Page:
Fashion student, 20, who battled with mental health issues says she moved in with pensioner, 85, for Lodgers for Codgers TV experiment to dispel older generation’s ‘misconception’ that young people ‘have it easier’
- Sophie Donald, 20, stayed with Eunice Mcghie-Belgrave, 85, from Birmingham
- C4’s Lodgers for Codgers follows pensioners and young people living together
- The pair, from next week’s episode, appeared on Good Morning Britain today
A 20-year-old who went to stay with a no-nonsense pensioner for a unique experiment has told how she decided to take part because she wanted to dispel the ‘misconception’ among the older generation that people ‘have it easier when they’re younger.’
The Channel 4 programme, Lodgers for Codgers, sees pensioners who live alone paired with young people who are struggling to get into the housing market.
In the second episode, which airs next week, Sophie Donald, 20, goes to stay with devout Christian and dedicated charity worker Eunice Mcghie-Belgrave, 85, from Birmingham – who offers the fashion student her perspective: ‘Most of the young generation,’ she explains. ‘They don’t work very hard.’
Speaking to presenters Ranvir Singh and Sean Fletcher on Good Morning Britain today, Sophie explained how she opened up to Eunice about her mental health struggle when she was 12, where she found herself in hospital.
‘Well obviously it was a very difficult period of my life and I felt very confident to speak to Eunice about it. I wanted her to understand. I remember her saying something like, “we have it easier when we’re younger.’
Sophie Donald, 20, goes to stay with devout Christian and dedicated charity worker Eunice Mcghie-Belgrave, 85, from Birmingham, in next week’s episode of Lodgers for Codgers
Eunice (pictured offers the fashion student Sophie her perspective and says: ‘Most of the young generation. They don’t work very hard’
‘I wanted her to know that just because I’m young and might have some things that are easier in life, it doesn’t mean I’ve been not been through difficult times myself – and sometimes that can be a misconception with generations.’
A clip from the show sees Sophie reading out Eunice’s house rules ahead of her arrival: ‘No smoking in the house – fair do’s. Keep bedroom clean – never make my bed. No drinking in the house? Maybe we can try and work around that rule first…’
Speaking of why she wanted to take part in the show, no-nonsense pensioner Eunice told Good Morning Britain: ‘Well I am a community activist and I think this will benefit young people as a whole – to see that all generations, although they think they may not be able to help, will be able to do so and give good advice.’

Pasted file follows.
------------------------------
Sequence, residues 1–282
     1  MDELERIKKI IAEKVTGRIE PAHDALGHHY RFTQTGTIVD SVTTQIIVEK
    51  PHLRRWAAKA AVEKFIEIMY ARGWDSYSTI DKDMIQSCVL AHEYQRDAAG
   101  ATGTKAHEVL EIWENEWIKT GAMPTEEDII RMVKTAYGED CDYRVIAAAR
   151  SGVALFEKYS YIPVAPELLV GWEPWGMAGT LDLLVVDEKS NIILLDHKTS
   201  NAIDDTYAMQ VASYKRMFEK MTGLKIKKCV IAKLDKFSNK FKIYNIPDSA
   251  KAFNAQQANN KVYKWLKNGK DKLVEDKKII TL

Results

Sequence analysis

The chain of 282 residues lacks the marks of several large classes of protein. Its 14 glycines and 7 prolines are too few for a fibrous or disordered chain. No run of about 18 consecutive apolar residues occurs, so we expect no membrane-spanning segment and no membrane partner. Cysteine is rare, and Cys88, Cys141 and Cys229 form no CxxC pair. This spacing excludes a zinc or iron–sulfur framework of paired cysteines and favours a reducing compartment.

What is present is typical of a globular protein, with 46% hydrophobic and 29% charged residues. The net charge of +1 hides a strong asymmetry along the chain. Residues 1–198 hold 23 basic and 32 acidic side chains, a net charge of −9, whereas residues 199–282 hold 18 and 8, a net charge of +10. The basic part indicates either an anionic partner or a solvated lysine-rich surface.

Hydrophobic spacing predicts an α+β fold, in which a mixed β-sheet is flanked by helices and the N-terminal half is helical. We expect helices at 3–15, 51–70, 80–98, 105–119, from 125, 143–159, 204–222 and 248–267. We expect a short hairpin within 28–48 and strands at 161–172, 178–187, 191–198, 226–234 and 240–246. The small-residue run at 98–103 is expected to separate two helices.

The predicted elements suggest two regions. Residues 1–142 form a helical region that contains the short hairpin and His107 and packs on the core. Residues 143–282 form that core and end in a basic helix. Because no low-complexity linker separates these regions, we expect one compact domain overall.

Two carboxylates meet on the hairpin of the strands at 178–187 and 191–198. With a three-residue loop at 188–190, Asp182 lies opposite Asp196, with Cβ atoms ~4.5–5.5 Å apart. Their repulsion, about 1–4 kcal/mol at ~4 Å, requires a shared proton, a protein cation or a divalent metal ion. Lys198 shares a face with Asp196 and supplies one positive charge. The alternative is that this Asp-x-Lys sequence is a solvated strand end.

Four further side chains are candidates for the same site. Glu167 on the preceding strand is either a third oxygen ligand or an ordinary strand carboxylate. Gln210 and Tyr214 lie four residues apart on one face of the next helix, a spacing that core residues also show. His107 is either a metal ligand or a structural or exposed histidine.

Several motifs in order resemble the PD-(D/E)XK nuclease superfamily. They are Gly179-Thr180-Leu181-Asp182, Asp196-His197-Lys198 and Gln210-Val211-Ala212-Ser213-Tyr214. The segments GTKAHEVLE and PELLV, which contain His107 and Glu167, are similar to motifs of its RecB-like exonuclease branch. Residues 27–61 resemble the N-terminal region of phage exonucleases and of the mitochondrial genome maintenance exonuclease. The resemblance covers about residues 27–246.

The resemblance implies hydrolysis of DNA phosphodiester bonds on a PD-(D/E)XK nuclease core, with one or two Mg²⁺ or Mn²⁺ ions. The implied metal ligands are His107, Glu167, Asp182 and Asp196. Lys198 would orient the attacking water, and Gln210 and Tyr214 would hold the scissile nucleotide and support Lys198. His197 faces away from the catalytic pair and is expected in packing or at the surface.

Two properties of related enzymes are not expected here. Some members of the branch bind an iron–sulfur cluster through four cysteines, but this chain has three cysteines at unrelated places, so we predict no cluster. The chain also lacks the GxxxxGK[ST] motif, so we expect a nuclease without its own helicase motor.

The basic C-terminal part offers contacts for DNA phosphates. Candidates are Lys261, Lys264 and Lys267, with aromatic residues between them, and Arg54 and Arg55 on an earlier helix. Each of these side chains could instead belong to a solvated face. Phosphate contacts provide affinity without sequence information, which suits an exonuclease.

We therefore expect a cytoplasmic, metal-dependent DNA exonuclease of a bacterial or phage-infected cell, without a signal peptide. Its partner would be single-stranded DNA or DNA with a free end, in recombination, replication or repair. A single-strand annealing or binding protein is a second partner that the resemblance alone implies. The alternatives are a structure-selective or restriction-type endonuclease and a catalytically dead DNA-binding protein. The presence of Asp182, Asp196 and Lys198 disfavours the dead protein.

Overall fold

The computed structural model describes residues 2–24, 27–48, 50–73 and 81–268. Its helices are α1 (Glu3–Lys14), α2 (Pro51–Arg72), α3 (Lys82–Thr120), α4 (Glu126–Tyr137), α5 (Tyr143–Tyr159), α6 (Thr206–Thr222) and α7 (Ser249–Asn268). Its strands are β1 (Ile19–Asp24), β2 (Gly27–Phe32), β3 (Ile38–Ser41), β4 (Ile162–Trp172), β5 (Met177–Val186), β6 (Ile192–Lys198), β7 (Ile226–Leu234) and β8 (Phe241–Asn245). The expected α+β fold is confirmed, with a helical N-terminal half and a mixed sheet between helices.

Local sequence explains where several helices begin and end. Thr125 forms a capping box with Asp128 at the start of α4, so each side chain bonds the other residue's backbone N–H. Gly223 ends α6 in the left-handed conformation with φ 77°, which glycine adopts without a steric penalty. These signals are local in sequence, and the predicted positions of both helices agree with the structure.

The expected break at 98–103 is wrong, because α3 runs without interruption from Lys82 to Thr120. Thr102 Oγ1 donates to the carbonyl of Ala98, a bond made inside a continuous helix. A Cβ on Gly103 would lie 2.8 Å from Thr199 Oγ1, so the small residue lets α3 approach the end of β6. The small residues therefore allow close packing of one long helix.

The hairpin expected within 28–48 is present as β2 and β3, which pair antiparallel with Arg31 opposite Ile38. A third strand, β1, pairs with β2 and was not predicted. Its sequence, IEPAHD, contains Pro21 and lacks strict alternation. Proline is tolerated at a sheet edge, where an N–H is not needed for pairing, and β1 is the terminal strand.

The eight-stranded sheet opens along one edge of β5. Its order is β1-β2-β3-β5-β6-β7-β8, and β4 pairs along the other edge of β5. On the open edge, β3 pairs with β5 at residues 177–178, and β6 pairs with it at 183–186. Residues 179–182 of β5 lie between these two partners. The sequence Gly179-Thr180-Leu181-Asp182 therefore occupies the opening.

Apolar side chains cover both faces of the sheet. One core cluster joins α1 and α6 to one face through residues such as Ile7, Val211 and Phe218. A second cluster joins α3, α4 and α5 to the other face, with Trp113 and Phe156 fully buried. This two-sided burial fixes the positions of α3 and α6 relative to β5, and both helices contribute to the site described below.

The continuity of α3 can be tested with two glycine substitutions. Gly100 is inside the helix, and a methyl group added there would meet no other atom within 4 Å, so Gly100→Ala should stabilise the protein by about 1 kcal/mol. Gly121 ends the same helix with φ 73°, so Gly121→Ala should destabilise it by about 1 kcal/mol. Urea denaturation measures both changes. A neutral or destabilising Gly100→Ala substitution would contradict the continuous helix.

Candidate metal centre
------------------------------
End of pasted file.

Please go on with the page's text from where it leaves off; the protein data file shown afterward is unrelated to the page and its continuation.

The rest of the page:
However, Sophie admitted that at the beginning. she didn’t actually want to sign up to live with Eunice.
‘I turned around and said to the producers, “I’m not doing it, I’m not going to stay with Eunice,” she said. ‘But then I thought she’s really structured in her ways so thought it’d be a good time to change that a bit and liven things up.’
When asked about any clashes and the real revelations, Sophie explained: ‘To be honest, we actually got on really well at first. It was quite a surprise.
Sophie (picgtured left) admitted that at the beginning. she didn’t want to sign up to live with Eunice (right)
Eunice revealed she and Sophie had a few of the things that she had in common with Sophie – much to her surprise. Pictured, with presenters Ranvir Singh and Sean Fletcher
‘Both of us had been quite hesitant about the fact we were going to be together. It was quite calm and relaxed but it was obvious we had a couple of differences.
‘Obviously with the drinking, I did bring a bottle of gin with me. I didn’t actually realise I wasn’t able to bring the gin at all.’
Eunice added: ‘Well I am a Christian so I’m not a drinker of alcohol so I had to say something. I told her it was not to be opened or drunk in my house – and she did listen to me.’
She continued: ‘We had lots of laughter, conversation and she also taught me yoga. We went out to the restaurants together, we talked, did a little bit of cooking and it just came together.
Eunice went on to explain a few of the things that she had in common with Sophie – much to her surprise.
‘I was surprised how she took on my way of thinking and the way we talked to each other,’ she said. ‘I had my cup of tea every time. I didn’t ask for it, she made it for me. I really do like that!’
The pair also told how they are still in touch, with Sophie encouraging others to reach out to the elderly, adding: ‘You can gain so much knowledge from life – especially when you’re younger. Everyone thinks they know everything, but the experience in life is so important.
‘I really respected Eunice and her story – and what she’s been through at a person. An older person can give a lot more stability than moving in with a friend.
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